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In my job as product marketing director for vManager and MDV, I get to hear this discussed all the time—when will verification be done? If not asked overtly, at a minimum it’s that rattling and clanging that you just know is going on in people’s heads as they try to formulate the questions and the concerns. So I thought I would write about it, if nothing else to stir the conversation about what is known and what is not. Or perhaps more than that, as the discussion progresses to what is science and what is art, and how to navigate between the two.
I personally love this topic and here is why. Just because you can define functional and code coverage to represent doneness, it does not mean you are defining completeness, so you get lots of interesting debate. But also because of the industry we live it and the expectation that we should be able to have "sign off" in this space, just like we do in other areas of EDA. Functional verification can be and is imprecise—how many tests do you need, how much functional coverage is necessary for a high-quality design, how do we know we have a comprehensive verification plan, how many assertions should be implemented, and many more. It turns out, functional verification lives in that perfect intersection between human factors, science, and art, and as such, can only be addressed by a well-defined and prescribed methodology. You may ask why I added human factors—well because it is part art, and like any art, there is room for interpretation, there are things learned along the way, and there is lots of judgment that needs to be applied. While there are guidelines for the subjective bits, in the end—it's good old fashioned engineering and a prescriptive methodology that makes the difference between success and failure.
My first two years (of the nine years I have had this job) were spent asking many experts and customers alike the same question—with so many variables: How do you know when you're done? So what do we know and what works? We at Cadence tagline our methodology as Metric-Driven Verification (MDV), because you can only improve what you can clearly measure and data-driven information is the only objective measurement of completion. At the next layer down, the actual key component of closure in MDV is plan-to-closure. By explanation, the verification state space for any design is too large for the allotted time in any project. Plan-to-closure adopts and prescribes a formalized (human) planning process, which focuses on features, not RTL, and breaks features down to key functions (what to verify), then focuses on how those functions should be measured. Logically linking that plan to those functional measurement metrics allows the metric collection process to be automated. We call this the executable vPlan (verification plan). What it means is that the status of each feature can be definitively and objectively reported as compared to a goal. This is a big deal for managers who are looking for depth and visibility beyond the verbal answers. Very often mangers have to deal with subjective responses from the verification engineers, such as "No, we are not on track." This is very vague and leaves you hanging, wondering where are the problems. MDV is definitive, you know if you’re on track and you know the details of where you are not.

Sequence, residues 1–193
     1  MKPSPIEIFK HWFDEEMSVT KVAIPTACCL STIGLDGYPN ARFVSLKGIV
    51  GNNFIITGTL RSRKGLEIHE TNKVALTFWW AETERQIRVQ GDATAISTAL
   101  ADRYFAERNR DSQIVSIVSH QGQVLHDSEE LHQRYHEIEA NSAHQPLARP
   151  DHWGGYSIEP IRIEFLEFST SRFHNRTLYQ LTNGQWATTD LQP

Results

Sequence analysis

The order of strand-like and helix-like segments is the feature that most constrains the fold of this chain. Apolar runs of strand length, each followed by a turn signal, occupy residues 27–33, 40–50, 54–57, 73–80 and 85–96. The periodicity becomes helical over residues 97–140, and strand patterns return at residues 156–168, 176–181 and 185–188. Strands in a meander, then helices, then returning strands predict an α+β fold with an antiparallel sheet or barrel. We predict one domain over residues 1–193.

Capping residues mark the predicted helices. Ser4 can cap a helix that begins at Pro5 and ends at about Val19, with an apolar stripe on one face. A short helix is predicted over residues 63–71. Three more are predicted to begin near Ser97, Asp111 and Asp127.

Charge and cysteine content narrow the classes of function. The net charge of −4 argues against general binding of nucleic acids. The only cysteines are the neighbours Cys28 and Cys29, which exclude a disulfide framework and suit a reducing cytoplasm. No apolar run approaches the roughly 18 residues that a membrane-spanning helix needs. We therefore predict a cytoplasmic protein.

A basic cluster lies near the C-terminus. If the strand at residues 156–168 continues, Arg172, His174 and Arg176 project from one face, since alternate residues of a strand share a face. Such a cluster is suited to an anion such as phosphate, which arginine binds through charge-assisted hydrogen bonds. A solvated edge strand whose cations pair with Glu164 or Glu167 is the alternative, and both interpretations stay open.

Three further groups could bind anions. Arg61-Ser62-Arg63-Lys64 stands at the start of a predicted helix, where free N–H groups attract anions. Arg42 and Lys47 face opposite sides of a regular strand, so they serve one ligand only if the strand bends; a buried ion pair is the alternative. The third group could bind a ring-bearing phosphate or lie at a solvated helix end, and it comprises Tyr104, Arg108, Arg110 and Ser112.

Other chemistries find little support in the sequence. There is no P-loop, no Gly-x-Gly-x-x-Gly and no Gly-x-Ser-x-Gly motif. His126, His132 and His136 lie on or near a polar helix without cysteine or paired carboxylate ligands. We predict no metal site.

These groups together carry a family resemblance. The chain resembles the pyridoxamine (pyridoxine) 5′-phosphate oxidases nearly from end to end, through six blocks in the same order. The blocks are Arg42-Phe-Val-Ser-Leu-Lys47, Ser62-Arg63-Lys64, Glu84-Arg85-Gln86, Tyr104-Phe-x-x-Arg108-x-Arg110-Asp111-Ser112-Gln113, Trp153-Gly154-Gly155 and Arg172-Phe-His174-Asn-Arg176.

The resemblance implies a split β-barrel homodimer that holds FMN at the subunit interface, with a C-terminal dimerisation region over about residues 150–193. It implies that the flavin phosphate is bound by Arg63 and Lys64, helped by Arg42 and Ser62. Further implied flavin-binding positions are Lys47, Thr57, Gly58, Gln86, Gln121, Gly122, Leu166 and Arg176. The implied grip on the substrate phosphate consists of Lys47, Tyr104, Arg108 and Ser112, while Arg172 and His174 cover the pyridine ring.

So what don’t we know? While there are clear guidelines on what to verify and how to verify a particular feature, several factors are imprecise. Planning is iterative, it grows as you learn and is constantly being adjusted to accommodate what you learn. In 2013, Cadence sponsored a panel at DVCon called “Best Practices in Verification Planning”. Indeed the consensus is that planning needs to accommodate iteration and human factors, and that failing to plan means planning to fail. The vManager planning process accommodates iteration by supporting dynamic updating of verification plans, implementing different goals for different milestones, and using automation to merge many test results to a single meaningful metric representing "doneness."
Another aspect of what we don’t precisely know is "How many metrics do we need to define?" The answer to this question is much more difficult. Is it new IP or existing IP? Is it purchased or homebuilt? Is it for a mission-critical application or designed to be a proof of concept only? These are all aspects of quality, and quality goals are different depending on end use. Like my dad always used to say, measure twice, cut once—and the same applies here. The more you measure, the less errors you are apt to make. The more metrics you use, the higher quality you will have, and coverage is a key metric because it is a leading indicator of design bugs. But "how much" is the art part, because only you know the critical aspects of your design and what is essential to be verified, and what is not. Here, this is no substitution for a really good verification engineer using proven principals of functional verification, and implementing MDV to automate and measure your progress.
Which leaves me to my last topic—signoff. Is there such a thing in functional verification? Stay tuned for future blogs, I at least have an opinion.
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